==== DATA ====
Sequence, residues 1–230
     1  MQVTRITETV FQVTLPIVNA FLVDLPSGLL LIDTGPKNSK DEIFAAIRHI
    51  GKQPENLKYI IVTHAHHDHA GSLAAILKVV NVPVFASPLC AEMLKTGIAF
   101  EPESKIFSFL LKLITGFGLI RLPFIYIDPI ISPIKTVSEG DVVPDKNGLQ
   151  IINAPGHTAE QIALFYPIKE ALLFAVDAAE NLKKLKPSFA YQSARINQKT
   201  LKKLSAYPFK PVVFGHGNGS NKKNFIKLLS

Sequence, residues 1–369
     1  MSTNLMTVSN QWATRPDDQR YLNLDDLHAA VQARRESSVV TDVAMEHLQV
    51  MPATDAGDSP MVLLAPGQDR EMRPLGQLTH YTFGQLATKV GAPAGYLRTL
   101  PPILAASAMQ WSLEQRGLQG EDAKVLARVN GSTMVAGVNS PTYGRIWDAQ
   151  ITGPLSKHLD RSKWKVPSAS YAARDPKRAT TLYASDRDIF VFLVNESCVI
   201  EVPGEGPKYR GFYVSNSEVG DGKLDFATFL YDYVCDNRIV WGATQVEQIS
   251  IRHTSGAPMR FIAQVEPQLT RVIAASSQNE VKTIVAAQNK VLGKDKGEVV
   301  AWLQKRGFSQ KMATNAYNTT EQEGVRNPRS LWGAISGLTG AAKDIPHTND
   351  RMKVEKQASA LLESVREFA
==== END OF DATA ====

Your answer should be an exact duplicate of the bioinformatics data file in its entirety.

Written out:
Sequence, residues 1–230
     1  MQVTRITETV FQVTLPIVNA FLVDLPSGLL LIDTGPKNSK DEIFAAIRHI
    51  GKQPENLKYI IVTHAHHDHA GSLAAILKVV NVPVFASPLC AEMLKTGIAF
   101  EPESKIFSFL LKLITGFGLI RLPFIYIDPI ISPIKTVSEG DVVPDKNGLQ
   151  IINAPGHTAE QIALFYPIKE ALLFAVDAAE NLKKLKPSFA YQSARINQKT
   201  LKKLSAYPFK PVVFGHGNGS NKKNFIKLLS

Sequence, residues 1–369
     1  MSTNLMTVSN QWATRPDDQR YLNLDDLHAA VQARRESSVV TDVAMEHLQV
    51  MPATDAGDSP MVLLAPGQDR EMRPLGQLTH YTFGQLATKV GAPAGYLRTL
   101  PPILAASAMQ WSLEQRGLQG EDAKVLARVN GSTMVAGVNS PTYGRIWDAQ
   151  ITGPLSKHLD RSKWKVPSAS YAARDPKRAT TLYASDRDIF VFLVNESCVI
   201  EVPGEGPKYR GFYVSNSEVG DGKLDFATFL YDYVCDNRIV WGATQVEQIS
   251  IRHTSGAPMR FIAQVEPQLT RVIAASSQNE VKTIVAAQNK VLGKDKGEVV
   301  AWLQKRGFSQ KMATNAYNTT EQEGVRNPRS LWGAISGLTG AAKDIPHTND
   351  RMKVEKQASA LLESVREFA